The link between the pectoralis minor and distance
The pec minor is a muscle only a few inches long in the chest, going from the 3rd, 4th and 5th rib into the coracoid process of the scapula. Its action brings the shoulder girdle forward (protraction) and downwards (depression).
Seemingly a small muscle but a very significant one. If tight or in spasm, it will bring the shoulder girdle forwards and down, this will tension the muscles that act in the opposite direction. These include trapezius, rhomboids and latissimus dorsi and through a series of muscles be linked to tight hamstrings. In can also cause thoracic outlet syndrome, which is where the nerves and blood vessels between your collarbone first rib are compressed causing dysfunction.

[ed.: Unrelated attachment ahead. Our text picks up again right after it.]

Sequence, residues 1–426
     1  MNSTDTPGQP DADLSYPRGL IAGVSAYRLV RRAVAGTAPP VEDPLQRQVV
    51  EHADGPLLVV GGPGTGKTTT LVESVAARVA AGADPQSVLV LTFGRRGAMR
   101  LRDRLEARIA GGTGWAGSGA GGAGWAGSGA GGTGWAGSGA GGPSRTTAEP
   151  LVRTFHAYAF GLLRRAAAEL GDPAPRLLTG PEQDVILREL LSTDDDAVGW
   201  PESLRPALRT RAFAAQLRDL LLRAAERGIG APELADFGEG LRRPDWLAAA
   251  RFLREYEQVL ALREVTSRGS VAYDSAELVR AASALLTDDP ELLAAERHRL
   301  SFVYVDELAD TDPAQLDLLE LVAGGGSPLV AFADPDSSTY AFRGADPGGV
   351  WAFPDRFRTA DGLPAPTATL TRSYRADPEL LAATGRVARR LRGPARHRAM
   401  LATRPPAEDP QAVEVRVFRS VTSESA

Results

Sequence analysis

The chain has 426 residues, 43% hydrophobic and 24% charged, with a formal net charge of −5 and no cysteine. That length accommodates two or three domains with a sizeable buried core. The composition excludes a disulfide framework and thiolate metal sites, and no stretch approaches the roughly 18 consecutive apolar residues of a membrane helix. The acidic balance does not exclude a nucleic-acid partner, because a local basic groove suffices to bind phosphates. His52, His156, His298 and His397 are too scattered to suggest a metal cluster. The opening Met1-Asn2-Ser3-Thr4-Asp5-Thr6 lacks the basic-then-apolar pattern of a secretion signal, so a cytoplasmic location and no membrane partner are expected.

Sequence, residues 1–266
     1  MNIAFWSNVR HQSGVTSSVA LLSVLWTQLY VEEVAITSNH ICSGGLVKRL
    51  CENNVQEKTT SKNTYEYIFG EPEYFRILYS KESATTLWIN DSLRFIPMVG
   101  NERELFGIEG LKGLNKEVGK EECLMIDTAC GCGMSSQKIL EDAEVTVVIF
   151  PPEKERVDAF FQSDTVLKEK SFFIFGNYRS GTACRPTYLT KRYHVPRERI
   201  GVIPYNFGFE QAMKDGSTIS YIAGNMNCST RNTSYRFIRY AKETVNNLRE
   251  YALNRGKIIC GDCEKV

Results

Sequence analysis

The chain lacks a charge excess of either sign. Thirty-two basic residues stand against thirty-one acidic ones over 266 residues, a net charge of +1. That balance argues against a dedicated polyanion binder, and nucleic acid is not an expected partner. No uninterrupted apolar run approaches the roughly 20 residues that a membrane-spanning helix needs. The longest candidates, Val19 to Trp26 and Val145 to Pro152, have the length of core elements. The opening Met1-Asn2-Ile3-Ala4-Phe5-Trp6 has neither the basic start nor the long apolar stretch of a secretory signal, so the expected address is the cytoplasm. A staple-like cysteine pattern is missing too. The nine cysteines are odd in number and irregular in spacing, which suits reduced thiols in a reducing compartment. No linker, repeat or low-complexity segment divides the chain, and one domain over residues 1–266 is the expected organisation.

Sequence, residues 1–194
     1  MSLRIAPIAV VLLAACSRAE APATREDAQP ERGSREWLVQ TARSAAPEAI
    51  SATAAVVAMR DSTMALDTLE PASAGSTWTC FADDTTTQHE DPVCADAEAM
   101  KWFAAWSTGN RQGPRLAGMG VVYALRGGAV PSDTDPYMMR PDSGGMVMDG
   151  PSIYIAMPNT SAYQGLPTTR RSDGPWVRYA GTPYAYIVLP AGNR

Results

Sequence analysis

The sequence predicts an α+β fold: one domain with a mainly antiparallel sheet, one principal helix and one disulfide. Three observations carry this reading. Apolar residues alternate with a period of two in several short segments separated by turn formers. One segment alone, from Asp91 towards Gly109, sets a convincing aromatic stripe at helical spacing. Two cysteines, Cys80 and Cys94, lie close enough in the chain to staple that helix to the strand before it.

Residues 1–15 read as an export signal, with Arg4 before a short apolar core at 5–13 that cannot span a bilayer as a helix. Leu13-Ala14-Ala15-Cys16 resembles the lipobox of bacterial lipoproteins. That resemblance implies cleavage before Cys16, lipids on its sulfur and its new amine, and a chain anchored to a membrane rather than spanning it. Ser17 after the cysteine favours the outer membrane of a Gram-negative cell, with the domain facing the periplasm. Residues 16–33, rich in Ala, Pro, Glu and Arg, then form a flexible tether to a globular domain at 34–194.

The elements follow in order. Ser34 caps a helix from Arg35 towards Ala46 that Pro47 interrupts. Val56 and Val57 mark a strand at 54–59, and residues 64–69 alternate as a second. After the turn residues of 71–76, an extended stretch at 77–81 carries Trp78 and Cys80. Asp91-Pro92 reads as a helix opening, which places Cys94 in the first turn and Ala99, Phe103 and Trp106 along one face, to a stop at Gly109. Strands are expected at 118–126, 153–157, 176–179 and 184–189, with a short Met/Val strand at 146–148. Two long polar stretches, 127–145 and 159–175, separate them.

But most relevant for golfers is the effect it has on your rotation. You can test this yourself. If you sit down on a chair (this isolates the rotation to come mainly from the spine) slump your shoulders forward and down and see how far you can rotate, then pull your shoulders back into a neutral position and see how much further you can rotate. It should be a noticeable amount. Those extra degrees at arm’s length can give you an extra couple of feet for your hands to accelerate in the downswing. Added to that you will also reduce the load on your spine to help with longevity in playing years It will also reduce the occurrence of injury.
This is a muscle that can easily be ‘fixed’ if it isn’t in spasm simply by stretching it. However, if it does not release properly or goes back into its tight position then you will need to see a specialist as the muscle may have length/tensions issues with its antagonist or it may be in spasm for a reason.